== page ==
With our palates loosened up from brandy and our plates loaded high with burgers, corn on the cob, and hearty salads, we delved into our first Cabernet Franc from well-known producer Burrowing Owl. This 2007 version really nailed it with a Gold medal at the 2009 Canadian Wine Awards and a resounding 91-point review from Anthony Gismondi. Despite the release of the 2008 vintage the 2007 can still be found in many stores, which is fortunate because I thoroughly enjoyed it! The ripe, dark fruit aromas and well-integrated tannins put a smile on my face immediately, and made me glad I have a bottle in the cellar.

We followed quickly with another 2007 from equally proficient Cabernet Franc producer Poplar Grove. I was quite impressed with this wine at the Playhouse Wine Festival earlier this year, which was where I picked up my own bottle, but hadn’t heard much else about it until recently. At the same time we were drinking ours, a couple of well-known local critics were also delving into this delight: recent reviews from Daenna Van Mulligen and Anthony Gismondi both sing the praises of Poplar Grove’s achievement. For what it’s worth, this one eventually came out on top at the end of the evening, with a texture even smoother than the Burrowing Owl, and pleasingly delicate hints of floral herbs amongst the vanilla aromas.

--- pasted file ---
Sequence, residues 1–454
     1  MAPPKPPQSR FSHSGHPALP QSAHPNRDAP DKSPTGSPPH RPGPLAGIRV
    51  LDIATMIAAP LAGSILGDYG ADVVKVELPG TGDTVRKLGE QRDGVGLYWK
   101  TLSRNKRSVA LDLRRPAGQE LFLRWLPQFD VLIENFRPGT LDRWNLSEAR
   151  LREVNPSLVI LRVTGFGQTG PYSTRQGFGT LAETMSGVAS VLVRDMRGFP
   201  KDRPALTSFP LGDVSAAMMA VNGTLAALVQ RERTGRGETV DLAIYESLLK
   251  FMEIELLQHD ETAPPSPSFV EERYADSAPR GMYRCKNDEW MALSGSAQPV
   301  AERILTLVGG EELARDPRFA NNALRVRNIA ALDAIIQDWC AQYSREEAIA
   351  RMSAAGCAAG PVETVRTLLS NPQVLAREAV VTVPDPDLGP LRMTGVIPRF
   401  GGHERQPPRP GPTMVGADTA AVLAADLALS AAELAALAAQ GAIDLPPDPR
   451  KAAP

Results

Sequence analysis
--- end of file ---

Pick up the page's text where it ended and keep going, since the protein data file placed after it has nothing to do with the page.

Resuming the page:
The final bottle from the 2007 vintage came from Hester Creek, which scooped a Gold medal at the 2010 BC Wine Awards. Although this wine is fairly difficult to find now following the release of the 2008 version under slick new labels, I figured the extra year of aging could only serve to benefit our experience. The prominent vanilla aromas reminded some of us of chocolate chip cookies, but nice ripe fruit was also present on the nose. The acidity seemed fairly high, and meaty flavours were also present that conjured up bacon and sausage. The newer release has received positive press from both John Schreiner and Icon Wines, and should be ready to drink now despite a few bottles of the 2007 floating around in stores.

Our dinner nearly complete, we took a short break for a delicious dessert of homemade strawberry shortcake, and a thematically-appropriate Late Harvest Cabernet Franc from Gehringer. Along with Gehringer’s Late Harvest Riesling, it’s a well-priced treat that isn’t too sweet or syrupy, and suitable for plenty of occasions; plus it goes quite well with strawberries.